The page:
“There is considerable dispute in regard to the circumstances attending the massacre. It seems impossible to get at the precise truth,” observed Mrs. Harmar. “It’s my opinion, the horrors of the event have been greatly exaggerated,” added Smith.
“I do not think they could be exaggerated,” replied Morton. “If you desire it, I will relate the circumstances as they were narrated to me. I can vouch for the strict regard to truth that has ever distinguished my friend.”
Of course, the company signified their desire to hear the account, and thereupon Morton began as follows.
“Wyoming, besides being a frontier settlement during the course of the Revolutionary war, and therefore constantly exposed to the inroads of the savages, had furnished two full companies, and about sixty recruits more, for the main army—all which were annexed to the Connecticut line, and armed at their own expense. They amounted, in the whole, to two hundred and thirty men. While thus weakened and unguarded, they were invaded by an army from Niagara, in the British service, composed of regulars, tories, and Indians; of which the Indians composed the greater part.
“The Indians, in the spring of 1777, began to be troublesome. Their numbers were frequently augmented by the arrival of new parties; and it was from the cattle, hogs, and other plunder taken from the inhabitants, that they furnished themselves with provisions. Some of the inhabitants were killed by them, and others captured; and they destroyed much property. At length they became very formidable.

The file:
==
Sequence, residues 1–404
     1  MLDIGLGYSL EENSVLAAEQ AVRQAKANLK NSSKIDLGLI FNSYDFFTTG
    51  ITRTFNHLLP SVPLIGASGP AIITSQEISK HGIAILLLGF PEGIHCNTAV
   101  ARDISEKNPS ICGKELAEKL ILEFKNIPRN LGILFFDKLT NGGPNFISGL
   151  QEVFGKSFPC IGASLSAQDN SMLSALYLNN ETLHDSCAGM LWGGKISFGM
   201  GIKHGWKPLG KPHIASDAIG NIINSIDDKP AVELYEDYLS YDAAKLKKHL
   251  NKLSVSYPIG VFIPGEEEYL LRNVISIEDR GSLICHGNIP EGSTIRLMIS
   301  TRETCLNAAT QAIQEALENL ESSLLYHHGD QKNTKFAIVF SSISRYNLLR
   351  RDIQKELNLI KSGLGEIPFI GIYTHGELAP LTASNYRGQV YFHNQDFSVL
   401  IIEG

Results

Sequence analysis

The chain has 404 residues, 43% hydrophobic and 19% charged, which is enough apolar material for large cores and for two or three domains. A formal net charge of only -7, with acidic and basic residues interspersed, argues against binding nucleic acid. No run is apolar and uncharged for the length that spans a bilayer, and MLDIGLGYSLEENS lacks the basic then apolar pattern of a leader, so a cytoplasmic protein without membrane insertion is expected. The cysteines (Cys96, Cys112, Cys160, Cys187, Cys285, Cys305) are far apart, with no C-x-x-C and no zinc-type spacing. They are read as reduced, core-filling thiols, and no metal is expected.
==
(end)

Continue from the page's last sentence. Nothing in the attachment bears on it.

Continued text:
“The inhabitants had erected several small forts, but the principal one was Forty Fort, in Kingston, on the west side of the river, a small distance above Wyoming Falls. To this the settlers had chiefly resorted. They had sent agents to the continental army to acquaint them with their distressed situation; in consequence of which, Captain Spaulding, with about sixty or seventy men, was dispatched to their assistance. This detachment was, at the time of the massacre, about forty miles distant. The garrison had been apprised of their march from Lancaster, but not of their proximity.
“The people in the garrison grew uneasy, under the insults of the invaders. The militia were placed under officers taken from themselves, and the whole body was commanded by Colonel Zebulon Butler, of the continental army. Colonel Dennison, of the militia, was second in command. There was a fortification about three miles above Forty Fort, called Wintermoot’s Fort. This was in the possession of tories. They surrendered at the approach of the enemy, without opposition, and gave them aid; some of them entering fully into their interests. Wintermoot’s Fort instantly became the headquarters of the expedition from Canada; and was commanded by Colonel John Butler, a British officer, and commander of a party of rangers. The second in command was Colonel Brandt, a natural son of Sir William Johnson,